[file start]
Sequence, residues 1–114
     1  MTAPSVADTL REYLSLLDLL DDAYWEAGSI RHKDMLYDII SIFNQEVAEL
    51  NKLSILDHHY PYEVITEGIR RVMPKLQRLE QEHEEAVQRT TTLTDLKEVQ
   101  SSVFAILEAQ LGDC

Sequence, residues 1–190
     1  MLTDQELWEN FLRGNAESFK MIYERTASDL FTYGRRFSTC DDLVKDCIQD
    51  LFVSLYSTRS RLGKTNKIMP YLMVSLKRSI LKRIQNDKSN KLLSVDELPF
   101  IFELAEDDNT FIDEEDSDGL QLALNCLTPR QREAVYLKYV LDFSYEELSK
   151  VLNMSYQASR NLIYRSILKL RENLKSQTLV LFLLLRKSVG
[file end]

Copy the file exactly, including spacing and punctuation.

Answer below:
Sequence, residues 1–114
     1  MTAPSVADTL REYLSLLDLL DDAYWEAGSI RHKDMLYDII SIFNQEVAEL
    51  NKLSILDHHY PYEVITEGIR RVMPKLQRLE QEHEEAVQRT TTLTDLKEVQ
   101  SSVFAILEAQ LGDC

Sequence, residues 1–190
     1  MLTDQELWEN FLRGNAESFK MIYERTASDL FTYGRRFSTC DDLVKDCIQD
    51  LFVSLYSTRS RLGKTNKIMP YLMVSLKRSI LKRIQNDKSN KLLSVDELPF
   101  IFELAEDDNT FIDEEDSDGL QLALNCLTPR QREAVYLKYV LDFSYEELSK
   151  VLNMSYQASR NLIYRSILKL RENLKSQTLV LFLLLRKSVG